• Breast Cancer: Foreseeing a drop in Ibrance's contribution due to patent loss, Pfizer is cultivating potential growth drivers like atirmociclib, aimed at enhancing efficacy and tolerability for patients.

  • Genitourinary Cancer: Garnering the most substantial projected share of Pfizer’s oncology sales by 2030, this segment includes advanced bladder cancer treatment candidate disitamab vedotin.

  • Thoracic Cancer: Doubling its revenue contributions by 2030, thoracic cancer treatment with Seagen's sigvotatug vedotin shows promise in lung cancer therapies.

  • Hematology-Oncology: This segment is predicted to contribute a quarter of the cancer unit's sales by 2030, with Elrexfio's approval for multiple myeloma marking a notable milestone.

Discover Pfizer's Oncology Reports

Pfizer's Non-Oncology Endeavors

Beyond oncology, Pfizer will split its business into two units, focusing on U.S. and international commercial activity. Central to this division are vaccines centered on metabolic and inflammatory diseases.

This year, Pfizer is geared to unveil an updated version of its Covid vaccine, designed to combat a novel variant. While refining the vaccine to provide annual protection is underway, decisions on these advancements hinge on public enthusiasm for Covid prevention measures.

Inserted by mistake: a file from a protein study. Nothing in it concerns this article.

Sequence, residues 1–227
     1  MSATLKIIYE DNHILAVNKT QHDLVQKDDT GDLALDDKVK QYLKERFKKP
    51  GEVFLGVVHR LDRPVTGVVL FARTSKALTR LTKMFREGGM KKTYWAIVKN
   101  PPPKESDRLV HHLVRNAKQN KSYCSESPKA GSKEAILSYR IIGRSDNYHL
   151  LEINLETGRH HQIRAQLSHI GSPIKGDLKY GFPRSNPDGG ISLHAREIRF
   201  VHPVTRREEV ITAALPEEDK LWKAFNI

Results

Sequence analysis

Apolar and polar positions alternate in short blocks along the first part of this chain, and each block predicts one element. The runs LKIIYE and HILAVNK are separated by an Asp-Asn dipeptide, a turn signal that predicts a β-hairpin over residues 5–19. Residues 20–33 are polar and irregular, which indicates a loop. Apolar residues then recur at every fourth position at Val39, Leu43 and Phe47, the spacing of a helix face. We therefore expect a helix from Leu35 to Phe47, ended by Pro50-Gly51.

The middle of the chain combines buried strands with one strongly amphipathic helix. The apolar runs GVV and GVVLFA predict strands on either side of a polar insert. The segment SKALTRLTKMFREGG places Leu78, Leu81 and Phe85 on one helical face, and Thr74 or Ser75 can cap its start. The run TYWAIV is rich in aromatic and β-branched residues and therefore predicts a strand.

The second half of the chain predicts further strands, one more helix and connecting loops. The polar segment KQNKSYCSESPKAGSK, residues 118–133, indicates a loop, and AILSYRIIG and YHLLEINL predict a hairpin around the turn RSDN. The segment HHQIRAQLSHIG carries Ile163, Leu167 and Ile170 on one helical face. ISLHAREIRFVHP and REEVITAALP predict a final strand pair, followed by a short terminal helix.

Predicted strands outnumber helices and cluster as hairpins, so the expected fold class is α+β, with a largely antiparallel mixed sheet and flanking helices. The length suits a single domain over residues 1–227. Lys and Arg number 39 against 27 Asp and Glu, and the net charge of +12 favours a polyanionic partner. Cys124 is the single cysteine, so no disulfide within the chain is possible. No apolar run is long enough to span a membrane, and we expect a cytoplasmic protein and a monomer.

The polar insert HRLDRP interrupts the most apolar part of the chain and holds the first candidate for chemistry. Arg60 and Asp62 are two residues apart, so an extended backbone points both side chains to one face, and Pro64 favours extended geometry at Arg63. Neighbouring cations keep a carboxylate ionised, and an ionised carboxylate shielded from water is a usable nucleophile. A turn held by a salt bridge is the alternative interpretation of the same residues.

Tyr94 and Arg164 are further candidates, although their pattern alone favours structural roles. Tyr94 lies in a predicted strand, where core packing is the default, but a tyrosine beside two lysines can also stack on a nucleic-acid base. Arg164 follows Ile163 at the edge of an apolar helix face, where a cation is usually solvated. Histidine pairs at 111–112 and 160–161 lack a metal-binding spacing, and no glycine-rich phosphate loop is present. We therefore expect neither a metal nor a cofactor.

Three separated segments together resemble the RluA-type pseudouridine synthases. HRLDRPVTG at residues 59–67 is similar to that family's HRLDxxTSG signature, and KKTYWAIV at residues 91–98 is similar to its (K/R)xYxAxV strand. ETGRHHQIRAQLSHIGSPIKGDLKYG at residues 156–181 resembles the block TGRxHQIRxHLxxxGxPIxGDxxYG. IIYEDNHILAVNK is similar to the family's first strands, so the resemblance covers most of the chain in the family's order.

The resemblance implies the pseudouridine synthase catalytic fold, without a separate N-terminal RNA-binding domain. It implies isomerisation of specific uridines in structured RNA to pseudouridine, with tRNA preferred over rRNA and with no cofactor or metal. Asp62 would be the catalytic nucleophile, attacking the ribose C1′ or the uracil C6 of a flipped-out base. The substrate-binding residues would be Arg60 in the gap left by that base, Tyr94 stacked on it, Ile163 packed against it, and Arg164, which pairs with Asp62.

Pfizer's vaccine ambition extends to "fourth-generation" pneumococcal disease prevention and an RSV vaccine expansion for at-risk demographics. Combination vaccines for Covid and influenza also represent a pivotal area of their late-stage clinical innovation.

The development trajectory also includes GBT601 for sickle cell disease, as well as advanced research in cancer cachexia and obesity treatments. A weight-loss drug pill appears promising, particularly as a more accessible alternative to current injectable therapies facing shortages in the U.S.

Pfizer’s forward-looking endeavors highlight a meticulous blueprint for sustainable growth, leveraging its wide-ranging capabilities in both oncology and broader healthcare spaces. Through this, the company aspires to not only redeem its market position but also redefine its impact on global health outcomes.

In the face of dynamically shifting health concerns and technological advancements, Pfizer's strategic redirection towards cancer drug development while buoying its non-oncology pursuits showcases a visionary approach to reinvention and a steadfast commitment to pioneer life-saving treatments for the betterment of human health worldwide.